....a generally held and deeply rooted belief in our society that human life is sacred or inviolable (which terms I use in the non-religious sense described by Ronald Dworkin, Life's Dominion: An Argument About Abortion. Euthanasia, and Individual Freedom (New York: Knopf, 1993), to mean that human life is seen to have a deep intrinsic value of its own). As members of a society based upon respect for the intrinsic value of human life and on the inherent dignity of every human being, can we incorporate within the Constitution, which embodies our most fundamental values, a right to terminate one's own life in any circumstances? 
The majority of the Supreme Court
of Canada answered this with a resounding "no" and by articulating the respect
for "the deep intrinsic value" of human life, recognized that there are valid
and necessary limits to personal autonomy. We support that decision and go further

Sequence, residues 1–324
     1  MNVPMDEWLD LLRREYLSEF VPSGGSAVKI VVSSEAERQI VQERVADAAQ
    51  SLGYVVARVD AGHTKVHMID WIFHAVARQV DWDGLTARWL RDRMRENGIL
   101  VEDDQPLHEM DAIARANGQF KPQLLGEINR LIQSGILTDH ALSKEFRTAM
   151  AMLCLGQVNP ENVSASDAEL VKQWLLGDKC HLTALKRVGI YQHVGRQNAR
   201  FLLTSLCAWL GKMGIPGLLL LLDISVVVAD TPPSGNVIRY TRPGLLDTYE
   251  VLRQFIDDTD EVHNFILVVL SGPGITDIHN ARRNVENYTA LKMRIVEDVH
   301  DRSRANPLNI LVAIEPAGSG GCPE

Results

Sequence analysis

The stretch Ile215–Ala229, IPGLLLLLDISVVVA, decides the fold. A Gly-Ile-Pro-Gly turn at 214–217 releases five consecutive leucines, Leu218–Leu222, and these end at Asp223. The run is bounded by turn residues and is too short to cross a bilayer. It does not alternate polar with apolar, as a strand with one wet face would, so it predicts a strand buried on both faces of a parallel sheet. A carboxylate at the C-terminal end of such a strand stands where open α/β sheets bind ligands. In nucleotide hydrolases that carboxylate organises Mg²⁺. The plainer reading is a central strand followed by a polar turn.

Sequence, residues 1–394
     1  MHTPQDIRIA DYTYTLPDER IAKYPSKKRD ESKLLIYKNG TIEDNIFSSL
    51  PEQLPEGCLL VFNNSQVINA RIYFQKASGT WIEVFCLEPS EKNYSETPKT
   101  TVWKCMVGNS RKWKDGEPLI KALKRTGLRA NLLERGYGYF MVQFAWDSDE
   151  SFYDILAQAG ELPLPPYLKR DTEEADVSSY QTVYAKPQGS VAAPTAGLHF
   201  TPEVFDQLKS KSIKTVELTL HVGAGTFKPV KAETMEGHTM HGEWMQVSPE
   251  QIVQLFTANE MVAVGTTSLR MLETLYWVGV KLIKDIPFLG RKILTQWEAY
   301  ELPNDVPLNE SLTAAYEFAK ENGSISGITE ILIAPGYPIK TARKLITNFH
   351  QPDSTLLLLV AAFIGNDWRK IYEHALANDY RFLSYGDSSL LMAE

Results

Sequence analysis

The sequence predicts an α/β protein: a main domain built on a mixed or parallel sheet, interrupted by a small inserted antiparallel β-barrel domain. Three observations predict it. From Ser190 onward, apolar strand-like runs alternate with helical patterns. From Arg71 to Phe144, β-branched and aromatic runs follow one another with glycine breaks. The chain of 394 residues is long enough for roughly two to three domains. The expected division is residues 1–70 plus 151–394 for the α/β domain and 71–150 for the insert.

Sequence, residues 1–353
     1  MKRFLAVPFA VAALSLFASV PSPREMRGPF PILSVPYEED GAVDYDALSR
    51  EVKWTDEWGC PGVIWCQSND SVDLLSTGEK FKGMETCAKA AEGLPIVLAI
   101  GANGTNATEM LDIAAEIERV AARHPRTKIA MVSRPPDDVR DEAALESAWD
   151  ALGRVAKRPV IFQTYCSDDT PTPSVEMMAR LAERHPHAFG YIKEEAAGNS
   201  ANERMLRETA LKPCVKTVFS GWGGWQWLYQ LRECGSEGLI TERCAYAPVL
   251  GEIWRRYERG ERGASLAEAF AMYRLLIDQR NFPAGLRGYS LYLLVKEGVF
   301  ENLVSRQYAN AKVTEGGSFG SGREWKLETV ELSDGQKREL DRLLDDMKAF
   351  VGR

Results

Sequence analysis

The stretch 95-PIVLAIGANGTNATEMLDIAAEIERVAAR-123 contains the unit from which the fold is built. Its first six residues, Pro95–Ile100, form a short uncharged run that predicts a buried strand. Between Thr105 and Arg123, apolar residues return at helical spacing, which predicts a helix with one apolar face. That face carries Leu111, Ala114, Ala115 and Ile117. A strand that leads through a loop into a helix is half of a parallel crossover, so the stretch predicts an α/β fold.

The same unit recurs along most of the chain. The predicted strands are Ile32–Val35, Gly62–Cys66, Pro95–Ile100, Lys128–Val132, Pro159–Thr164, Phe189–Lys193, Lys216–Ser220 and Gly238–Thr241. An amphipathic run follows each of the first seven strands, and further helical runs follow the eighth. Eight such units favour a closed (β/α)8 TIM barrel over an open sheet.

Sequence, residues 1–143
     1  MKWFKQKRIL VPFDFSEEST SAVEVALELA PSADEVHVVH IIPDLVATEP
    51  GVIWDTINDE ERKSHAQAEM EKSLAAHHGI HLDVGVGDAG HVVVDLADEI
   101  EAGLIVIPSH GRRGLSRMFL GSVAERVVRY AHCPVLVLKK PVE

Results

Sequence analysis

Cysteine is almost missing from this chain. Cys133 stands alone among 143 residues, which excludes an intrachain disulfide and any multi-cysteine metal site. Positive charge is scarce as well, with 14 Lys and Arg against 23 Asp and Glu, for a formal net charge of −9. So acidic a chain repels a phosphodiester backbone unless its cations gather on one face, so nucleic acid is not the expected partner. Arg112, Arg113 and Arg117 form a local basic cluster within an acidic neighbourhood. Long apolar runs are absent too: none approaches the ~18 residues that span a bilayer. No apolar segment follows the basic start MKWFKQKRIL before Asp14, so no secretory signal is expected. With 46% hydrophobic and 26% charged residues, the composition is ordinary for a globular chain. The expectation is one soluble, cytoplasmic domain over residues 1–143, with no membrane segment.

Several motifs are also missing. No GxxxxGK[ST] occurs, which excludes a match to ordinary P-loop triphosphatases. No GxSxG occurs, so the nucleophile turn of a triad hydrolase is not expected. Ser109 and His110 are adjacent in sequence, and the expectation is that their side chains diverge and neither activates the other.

to say that no possible proposed legislation can show that the respect for human
life would be adequately protected so that it would be impaired "as little as
possible"  so as to satisfy
a constitutional challenge.
It is fundamental to the nature of medicine that there be trust between the doctor and patient and that the doctor be trustworthy. It has been said of this that:
The core minimal content for trustworthiness is that doctors can be relied upon never to kill patients on the grounds that the patients are thought not to have worthwhile lives.
For undergirding a coherent concept of justice in society and ethics in medicine is: